About

This clip is an interview with Tyra Banks conducted by ABC News’ Cynthia McFadden. The lead-in to the interview describes Banks’ rise from a one-bedroom apartment in South Central Los Angeles to her current status as a wealthy “supermogul.” Banks’ two personas are introduced: a supportive “self-esteem queen” on her daytime talk show, and a harsh “princess of pretty” on America’s Next Top Model. Banks’ tells of overcoming racism to break into the modeling industry, and proclaims that her mission in life is to expand the definition of beauty. The video shows her dramatically criticizing journalists who made disparaging marks about her weight and deriding a woman for bleaching her own and her children’s skin. Yet at the same time, Banks admits that she always wears a hair weave or wig, and that she has likely been successful in modeling due to her light-skin and “anglo” features.

Discussion

This clip claims that Tyra sends “mixed messages.” What does this mean? Are there any consequences to Tyra’s mixed messages?

Do you think appearing on TV in her swimsuit was a good way for Tyra to respond to journalists who called her fat? Why or why not? Do you think Tyra is a good person to be talking about the issue of weight?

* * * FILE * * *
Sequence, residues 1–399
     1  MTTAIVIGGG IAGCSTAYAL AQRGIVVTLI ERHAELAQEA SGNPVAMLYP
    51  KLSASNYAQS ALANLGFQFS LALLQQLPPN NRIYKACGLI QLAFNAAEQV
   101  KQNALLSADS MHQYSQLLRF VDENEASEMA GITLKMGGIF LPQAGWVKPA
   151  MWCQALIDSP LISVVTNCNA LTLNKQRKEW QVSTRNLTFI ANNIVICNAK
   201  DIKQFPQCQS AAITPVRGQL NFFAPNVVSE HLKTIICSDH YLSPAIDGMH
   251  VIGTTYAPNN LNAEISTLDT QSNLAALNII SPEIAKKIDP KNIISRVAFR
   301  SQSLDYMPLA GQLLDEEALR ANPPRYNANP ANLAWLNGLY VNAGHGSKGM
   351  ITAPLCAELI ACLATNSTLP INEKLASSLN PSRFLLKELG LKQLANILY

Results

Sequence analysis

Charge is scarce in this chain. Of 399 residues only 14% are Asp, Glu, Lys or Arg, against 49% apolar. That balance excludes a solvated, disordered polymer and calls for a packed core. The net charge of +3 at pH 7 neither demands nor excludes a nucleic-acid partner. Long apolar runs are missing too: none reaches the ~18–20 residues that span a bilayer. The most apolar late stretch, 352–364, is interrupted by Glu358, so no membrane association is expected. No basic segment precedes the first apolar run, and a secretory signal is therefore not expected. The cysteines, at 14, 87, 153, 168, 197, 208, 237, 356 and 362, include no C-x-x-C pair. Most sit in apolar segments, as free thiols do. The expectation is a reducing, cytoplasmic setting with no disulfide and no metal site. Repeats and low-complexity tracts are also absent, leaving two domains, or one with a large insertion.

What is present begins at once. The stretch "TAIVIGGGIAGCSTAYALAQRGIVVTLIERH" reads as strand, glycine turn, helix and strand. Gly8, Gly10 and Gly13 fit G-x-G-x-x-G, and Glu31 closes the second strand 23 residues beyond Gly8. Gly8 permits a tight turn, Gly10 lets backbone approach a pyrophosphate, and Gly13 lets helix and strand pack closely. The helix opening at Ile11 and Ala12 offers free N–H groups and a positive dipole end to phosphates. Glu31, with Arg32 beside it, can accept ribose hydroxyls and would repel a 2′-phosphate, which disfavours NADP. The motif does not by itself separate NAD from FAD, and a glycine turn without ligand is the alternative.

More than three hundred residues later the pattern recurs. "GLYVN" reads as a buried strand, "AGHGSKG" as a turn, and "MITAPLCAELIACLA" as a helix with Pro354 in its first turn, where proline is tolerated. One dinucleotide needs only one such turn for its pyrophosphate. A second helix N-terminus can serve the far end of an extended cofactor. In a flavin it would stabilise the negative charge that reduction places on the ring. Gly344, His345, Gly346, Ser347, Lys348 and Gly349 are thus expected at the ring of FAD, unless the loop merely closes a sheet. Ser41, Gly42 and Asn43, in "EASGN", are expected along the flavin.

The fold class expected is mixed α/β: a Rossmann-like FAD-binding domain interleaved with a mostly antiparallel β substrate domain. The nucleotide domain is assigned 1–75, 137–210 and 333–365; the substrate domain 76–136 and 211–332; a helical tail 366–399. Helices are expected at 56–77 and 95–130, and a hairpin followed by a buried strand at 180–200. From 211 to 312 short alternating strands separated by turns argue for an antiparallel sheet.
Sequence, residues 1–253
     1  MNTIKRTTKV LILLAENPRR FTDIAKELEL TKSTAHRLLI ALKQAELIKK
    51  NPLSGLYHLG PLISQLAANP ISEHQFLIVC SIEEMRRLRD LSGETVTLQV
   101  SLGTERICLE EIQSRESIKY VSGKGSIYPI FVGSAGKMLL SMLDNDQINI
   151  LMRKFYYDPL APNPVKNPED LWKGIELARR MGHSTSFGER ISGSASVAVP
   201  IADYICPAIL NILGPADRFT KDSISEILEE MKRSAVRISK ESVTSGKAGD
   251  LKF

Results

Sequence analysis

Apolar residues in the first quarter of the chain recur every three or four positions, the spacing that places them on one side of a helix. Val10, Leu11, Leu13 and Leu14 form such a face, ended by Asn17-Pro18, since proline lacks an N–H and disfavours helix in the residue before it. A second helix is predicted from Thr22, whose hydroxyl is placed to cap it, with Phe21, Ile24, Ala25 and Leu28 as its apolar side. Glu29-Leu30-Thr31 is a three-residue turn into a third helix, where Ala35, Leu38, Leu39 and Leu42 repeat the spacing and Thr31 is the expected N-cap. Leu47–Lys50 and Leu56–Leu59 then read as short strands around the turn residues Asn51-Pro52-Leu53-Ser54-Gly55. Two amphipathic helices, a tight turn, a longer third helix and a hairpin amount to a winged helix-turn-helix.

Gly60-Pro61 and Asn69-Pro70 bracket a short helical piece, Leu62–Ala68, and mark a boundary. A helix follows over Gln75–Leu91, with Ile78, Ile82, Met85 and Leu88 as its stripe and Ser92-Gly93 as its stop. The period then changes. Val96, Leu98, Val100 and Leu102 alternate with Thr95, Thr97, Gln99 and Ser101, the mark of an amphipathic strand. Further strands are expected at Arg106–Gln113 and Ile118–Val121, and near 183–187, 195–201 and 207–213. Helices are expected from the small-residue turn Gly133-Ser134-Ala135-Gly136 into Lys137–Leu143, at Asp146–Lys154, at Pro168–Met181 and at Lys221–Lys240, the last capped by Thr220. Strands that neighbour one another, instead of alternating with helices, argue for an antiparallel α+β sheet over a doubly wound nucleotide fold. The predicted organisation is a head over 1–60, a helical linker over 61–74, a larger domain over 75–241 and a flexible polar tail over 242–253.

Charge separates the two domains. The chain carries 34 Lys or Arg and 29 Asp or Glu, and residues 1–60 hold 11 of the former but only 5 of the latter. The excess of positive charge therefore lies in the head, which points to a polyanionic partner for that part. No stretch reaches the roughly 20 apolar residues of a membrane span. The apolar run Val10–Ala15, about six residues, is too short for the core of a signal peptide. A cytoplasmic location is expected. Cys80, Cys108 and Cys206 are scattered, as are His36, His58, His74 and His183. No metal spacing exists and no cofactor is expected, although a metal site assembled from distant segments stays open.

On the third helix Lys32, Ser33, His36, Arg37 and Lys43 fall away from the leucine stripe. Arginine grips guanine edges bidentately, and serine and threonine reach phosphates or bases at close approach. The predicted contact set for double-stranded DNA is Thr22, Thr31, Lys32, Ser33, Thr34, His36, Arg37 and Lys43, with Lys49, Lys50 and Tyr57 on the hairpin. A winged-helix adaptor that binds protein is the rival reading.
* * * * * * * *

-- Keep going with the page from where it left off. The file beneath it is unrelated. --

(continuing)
The video shows a clip from Tyra’s talk show in which a fuss was made over her showing her real hair for the first time. Why do you think this was such a big deal? Why would Tyra want to hide her real hair? Do you think Tyra should stop wearing wigs? Why or why not?

Critique

Arguably the most problematic aspect of this clip is that it frames overcoming racism and prejudice as a matter of personal integrity. When Tyra was told she would never make it as a model due to her skin color, she says it didn’t “crush her spirit”; rather, she got angry and fought that much harder to make it. This makes it seem as though overcoming racism is simply a matter of trying a little harder, while simultaneously denigrating the countless women of color who have been kept down by systemic racism. In this way, Tyra might be seen to function as a “token,” reinforcing existing power structures by perpetuating an “if I can make it, anybody can!” narrative.